Megan Eaves

Travel & Astro Journalist

United Kingdom

Megan Eaves is a freelance journalist, editor, content pro, comms manager and dark-sky advocate. She formerly served as Lonely Planet's North and Central Asia Destination Editor and is now the editor of Nightscape (the magazine of the International Dark-Sky Association) and Visit Uzbekistan Magazine.

Her work appears in the BBC, The Times, The Independent, Lonely Planet, CNN, Thrillist, Culture Trip, the South China Morning Post, TimeOut, Travel Weekly, Horizon Guides and numerous others. She has written Lonely Planet guidebooks to China, South Korea, Tibet and London and edited dozens more, as well as DK guides to China, Shanghai and Beijing and the Insider's Guide to El Paso. She has a strong regional specialisation in China, Central Asia, the former Soviet Union and the Southwest USA, and also regularly covers astronomy, dark skies, space, conservation, sustainability, the environment, the outdoors and beer.

http://www.meganeaves.com

Portfolio
The Independent
04/04/2022
Georgia on my mind: snow, saperavi and solidarity in the Caucasus

At the top of Mount Kokhta, there is silence. The quiet is broken by a sharp, frigid breeze, but otherwise, the stillness is absolute. I stare across a valley ringed by snow-topped mountains. Spruce forests rise partway up, leaving the peaks frosted like cakes. Then, in a sudden rush, I'm off.

Times Travel
Uzbekistan travel guide

Uzbekistan is a beguiling mix of cultures, landscapes and architecture. Here's our guide to what to do, where to stay and why you'll love it.

The Independent
01/24/2022
How I decolonised my trip to New Mexico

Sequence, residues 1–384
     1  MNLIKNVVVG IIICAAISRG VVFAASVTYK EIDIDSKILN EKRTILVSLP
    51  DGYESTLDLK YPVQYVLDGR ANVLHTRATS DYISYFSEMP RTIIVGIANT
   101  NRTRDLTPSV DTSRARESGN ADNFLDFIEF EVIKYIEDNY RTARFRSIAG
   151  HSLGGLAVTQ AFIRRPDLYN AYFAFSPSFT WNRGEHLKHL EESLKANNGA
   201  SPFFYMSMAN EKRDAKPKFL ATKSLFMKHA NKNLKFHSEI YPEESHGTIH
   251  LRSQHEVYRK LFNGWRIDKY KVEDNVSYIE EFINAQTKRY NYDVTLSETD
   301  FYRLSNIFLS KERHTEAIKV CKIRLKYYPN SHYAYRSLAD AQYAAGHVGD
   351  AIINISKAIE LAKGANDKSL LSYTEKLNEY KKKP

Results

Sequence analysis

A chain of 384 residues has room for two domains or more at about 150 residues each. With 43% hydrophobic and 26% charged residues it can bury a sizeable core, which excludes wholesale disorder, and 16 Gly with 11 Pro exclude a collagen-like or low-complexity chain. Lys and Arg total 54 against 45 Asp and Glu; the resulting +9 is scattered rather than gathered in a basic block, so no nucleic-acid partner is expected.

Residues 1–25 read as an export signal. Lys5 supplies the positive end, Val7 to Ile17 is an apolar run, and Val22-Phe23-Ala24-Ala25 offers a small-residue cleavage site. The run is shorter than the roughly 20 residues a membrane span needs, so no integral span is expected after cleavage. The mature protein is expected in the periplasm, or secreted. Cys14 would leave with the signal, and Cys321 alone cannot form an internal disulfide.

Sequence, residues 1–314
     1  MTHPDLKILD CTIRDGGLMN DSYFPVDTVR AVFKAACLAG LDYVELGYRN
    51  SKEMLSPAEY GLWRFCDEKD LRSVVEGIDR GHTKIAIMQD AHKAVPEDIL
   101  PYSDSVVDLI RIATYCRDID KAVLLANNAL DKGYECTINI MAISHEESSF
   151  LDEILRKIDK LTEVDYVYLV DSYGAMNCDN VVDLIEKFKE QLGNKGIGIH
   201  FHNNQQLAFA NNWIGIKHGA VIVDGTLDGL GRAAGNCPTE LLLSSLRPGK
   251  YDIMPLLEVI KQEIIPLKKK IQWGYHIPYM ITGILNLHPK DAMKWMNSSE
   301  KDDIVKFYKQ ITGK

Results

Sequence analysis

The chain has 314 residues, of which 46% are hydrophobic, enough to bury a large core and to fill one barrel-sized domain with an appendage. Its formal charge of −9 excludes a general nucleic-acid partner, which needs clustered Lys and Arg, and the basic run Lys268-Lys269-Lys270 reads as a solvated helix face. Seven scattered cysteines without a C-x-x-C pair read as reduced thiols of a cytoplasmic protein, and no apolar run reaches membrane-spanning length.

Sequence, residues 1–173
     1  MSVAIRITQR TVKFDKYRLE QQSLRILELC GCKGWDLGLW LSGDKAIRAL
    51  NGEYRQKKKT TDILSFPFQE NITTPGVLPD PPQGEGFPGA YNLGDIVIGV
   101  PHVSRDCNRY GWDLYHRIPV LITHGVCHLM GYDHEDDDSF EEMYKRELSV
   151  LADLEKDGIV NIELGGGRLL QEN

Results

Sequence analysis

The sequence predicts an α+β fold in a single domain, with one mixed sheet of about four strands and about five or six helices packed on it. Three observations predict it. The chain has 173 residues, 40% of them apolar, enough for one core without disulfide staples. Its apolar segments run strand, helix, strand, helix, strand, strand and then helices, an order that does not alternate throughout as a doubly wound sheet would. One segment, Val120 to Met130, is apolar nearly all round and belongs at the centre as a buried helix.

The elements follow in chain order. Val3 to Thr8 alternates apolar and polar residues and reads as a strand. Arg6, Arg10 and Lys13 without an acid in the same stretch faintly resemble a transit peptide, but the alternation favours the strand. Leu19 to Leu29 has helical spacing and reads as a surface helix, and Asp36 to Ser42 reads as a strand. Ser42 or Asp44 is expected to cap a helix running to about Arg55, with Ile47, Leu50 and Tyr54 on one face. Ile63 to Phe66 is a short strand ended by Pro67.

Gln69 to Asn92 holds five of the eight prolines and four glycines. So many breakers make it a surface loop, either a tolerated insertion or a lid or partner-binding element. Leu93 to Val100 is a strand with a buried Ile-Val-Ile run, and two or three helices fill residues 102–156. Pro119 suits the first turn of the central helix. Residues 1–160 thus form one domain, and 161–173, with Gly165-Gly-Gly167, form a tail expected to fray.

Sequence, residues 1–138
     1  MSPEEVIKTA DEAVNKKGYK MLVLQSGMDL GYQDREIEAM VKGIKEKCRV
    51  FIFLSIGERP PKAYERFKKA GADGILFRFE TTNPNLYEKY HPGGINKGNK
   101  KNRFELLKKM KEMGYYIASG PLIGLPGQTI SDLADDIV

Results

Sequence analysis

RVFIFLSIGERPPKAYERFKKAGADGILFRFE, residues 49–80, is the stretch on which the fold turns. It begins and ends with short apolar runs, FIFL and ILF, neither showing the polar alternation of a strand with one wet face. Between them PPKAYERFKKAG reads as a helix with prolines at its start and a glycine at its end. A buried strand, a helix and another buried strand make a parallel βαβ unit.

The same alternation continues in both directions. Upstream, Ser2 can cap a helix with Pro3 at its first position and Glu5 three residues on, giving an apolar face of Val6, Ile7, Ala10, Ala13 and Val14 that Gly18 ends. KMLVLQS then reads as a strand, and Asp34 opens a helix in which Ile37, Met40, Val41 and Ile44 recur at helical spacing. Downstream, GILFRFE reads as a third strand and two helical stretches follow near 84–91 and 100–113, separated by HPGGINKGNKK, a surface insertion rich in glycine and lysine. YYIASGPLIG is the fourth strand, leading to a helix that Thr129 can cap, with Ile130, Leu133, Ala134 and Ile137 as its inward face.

The sun daubs the sky hot pink and orange over a row of small, undulating mountains, a few puffy white clouds reflecting the palette like a perfect desert painting. Between me and the hills are wide-open pastures of grama grass and chamisa bushes tinted green from recent rain, spindly-armed cholla cactus and fat juniper trees, their 400-year-old branches turning inky in the fading southwest light.

BBC
12/01/2021
Baikonur Cosmodrome: Humanity's unlikely gateway to space

The world's first and most secretive space base, Baikonur Cosmodrome, sits in the middle of a vast Central Asian desert, 2,600km south-east of Moscow and 1,300km from Kazakhstan's two main cities, Nur-Sultan and Almaty. It was from this remote part of the western steppe in 1957 that the Soviet Union successfully launched the first artificial satellite - Sputnik 1 - into orbit around Earth.

The Independent
12/09/2021
Why Exmoor's new dark sky walking trail is midwinter magic

The UK is a honeypot of dark-sky areas - but Exmoor is its oldest reserve and best-kept starry secret, says Megan Eaves. Standing on open heath with a bowl of starry constellations above and the sound of nightjars calling across the moor, you could be in 2021 or 1821.

South China Morning Post
12/04/2021
Don't mention Borat: a visit to Kazakhstan, a country few tourists see

Kazakhstan, the world’s biggest landlocked country, turns 30 on December 16 determined to make the coming decade one in which tourism takes off. It has a lot to offer – Silk Road monuments, stunning views, architecture ancient and modern, hiking and skiing, and modern entertainments.

Lonely Planet
10/29/2021
Best things to do in China - Lonely Planet

One of the world's most vast and ancient civilizations, China is not just one region, cuisine or culture. It's a giant and complex patchwork of cultural groups, histories, cuisines and languages. As you might expect, there's a lot to see.

Culture Trip
01/14/2020
How To Spend a Week Exploring Guizhou, China's Mountainous Outback

Located in China's far southwest, the mountainous Guizhou province is relatively small compared to other Chinese provinces. It's also less popular with visitors, but no less worth visiting. With its wealth of cultural traditions, natural sights and local customs, there's plenty to do here and good reasons to make the extra effort to reach this relatively out-of-the-way destination.

Horizon Guides
Horizon Guide to China

China can seem like an intimidating place, due to its huge size and the language barrier that most travellers face. However, first-time visitors needn't worry: this is a country of incredibly friendly and curious people eager to help.